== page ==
"This vital window of opportunity must not be lost, because the people of this country suffered hugely as a result of a crisis they did not cause, endured while this Government implemented the necessary policies to end it, and now must feel the benefits of the recovery in their lives.
"That is our task, and we will work with head and heart to deliver."
Jan O'Sullivan, formerly a junior minister, moves to head the Department of Education while t he party's recently-appointed deputy leader Alan Kelly is also promoted, taking up the role of Environment Minister.
Mr Kelly replaces Fine Gael's Phil Hogan, who stands down and is being put forward for a European Commissioner role.
The switch also means Labour takes control of housing policy, which had been a key plank of Ms Burton's ambitions after winning the party leadership.
The reshuffle sees the Labour old guard weeded out of cabinet.
Ruairi Quinn had already confirmed his departure from the ministerial ranks on the back of Eamon Gilmore's resignation as party leader and Tanaiste over the party's decimation at the polls.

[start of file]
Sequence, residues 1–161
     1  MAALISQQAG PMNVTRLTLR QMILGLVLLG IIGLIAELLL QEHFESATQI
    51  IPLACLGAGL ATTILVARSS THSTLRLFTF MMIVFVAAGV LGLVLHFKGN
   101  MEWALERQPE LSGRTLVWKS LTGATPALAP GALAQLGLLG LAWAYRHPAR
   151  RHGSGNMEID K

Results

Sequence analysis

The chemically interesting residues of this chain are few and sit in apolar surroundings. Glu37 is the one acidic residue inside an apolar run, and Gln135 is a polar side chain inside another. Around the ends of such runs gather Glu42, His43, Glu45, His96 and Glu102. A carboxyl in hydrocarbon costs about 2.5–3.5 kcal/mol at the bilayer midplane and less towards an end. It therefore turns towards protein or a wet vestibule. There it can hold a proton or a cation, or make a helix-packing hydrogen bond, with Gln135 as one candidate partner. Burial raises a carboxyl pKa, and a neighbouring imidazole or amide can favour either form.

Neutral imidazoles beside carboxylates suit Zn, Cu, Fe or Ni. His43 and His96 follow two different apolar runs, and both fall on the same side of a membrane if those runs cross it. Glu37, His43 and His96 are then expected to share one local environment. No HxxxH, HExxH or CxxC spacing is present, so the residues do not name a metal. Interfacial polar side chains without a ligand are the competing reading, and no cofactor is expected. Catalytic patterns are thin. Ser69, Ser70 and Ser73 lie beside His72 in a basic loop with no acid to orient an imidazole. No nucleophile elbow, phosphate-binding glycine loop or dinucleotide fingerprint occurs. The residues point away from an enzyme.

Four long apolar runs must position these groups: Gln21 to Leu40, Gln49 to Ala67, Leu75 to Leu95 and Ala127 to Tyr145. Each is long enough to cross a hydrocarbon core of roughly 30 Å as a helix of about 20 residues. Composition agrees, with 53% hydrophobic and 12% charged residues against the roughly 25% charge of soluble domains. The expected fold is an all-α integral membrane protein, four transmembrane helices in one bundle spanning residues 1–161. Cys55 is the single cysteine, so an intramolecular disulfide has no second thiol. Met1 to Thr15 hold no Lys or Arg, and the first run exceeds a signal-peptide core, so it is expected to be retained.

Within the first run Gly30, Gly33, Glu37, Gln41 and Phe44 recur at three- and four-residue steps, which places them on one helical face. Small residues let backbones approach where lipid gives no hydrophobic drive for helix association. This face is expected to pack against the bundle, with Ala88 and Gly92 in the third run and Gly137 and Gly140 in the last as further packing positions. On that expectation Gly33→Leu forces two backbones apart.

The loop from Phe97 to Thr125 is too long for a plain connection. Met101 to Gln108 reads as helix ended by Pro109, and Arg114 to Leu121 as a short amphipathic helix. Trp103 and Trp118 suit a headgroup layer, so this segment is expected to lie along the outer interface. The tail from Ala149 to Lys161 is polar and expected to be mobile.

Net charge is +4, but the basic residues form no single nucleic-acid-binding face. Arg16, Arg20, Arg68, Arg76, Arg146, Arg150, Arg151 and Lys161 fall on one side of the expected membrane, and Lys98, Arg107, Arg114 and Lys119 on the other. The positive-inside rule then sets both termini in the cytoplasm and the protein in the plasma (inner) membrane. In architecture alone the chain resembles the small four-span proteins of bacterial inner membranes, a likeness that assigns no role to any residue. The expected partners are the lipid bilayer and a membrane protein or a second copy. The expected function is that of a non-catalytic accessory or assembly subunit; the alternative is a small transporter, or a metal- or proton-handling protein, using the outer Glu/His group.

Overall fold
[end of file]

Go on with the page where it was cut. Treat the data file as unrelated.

Veteran former leader Pat Rabbitte has been demoted from his role at the helm of the Department of Communications, Energy and Natural Resources to the backbenches.
Alex White, who put up an ultimately weak challenge to Ms Burton for the Labour leadership, takes that role.
A new "super junior" ministerial position has also been created with Ged Nash, a Labour TD from Louth, entering the ministerial ranks.
The newcomer takes on responsibility for business and employment which includes oversight of the low pay commission.
Super juniors can be appointed by the Taoiseach for any role in government and have a seat at the cabinet table but no voting powers on key decisions.
Other key changes include Paschal Donohoe's promotion as Minister for Transport and newcomer to the Dail in the 2011 election, TD for Cavan-Monaghan, Heather Humphreys rising quickly through the ranks to head up the Department of Arts, Heritage and Gaeltacht.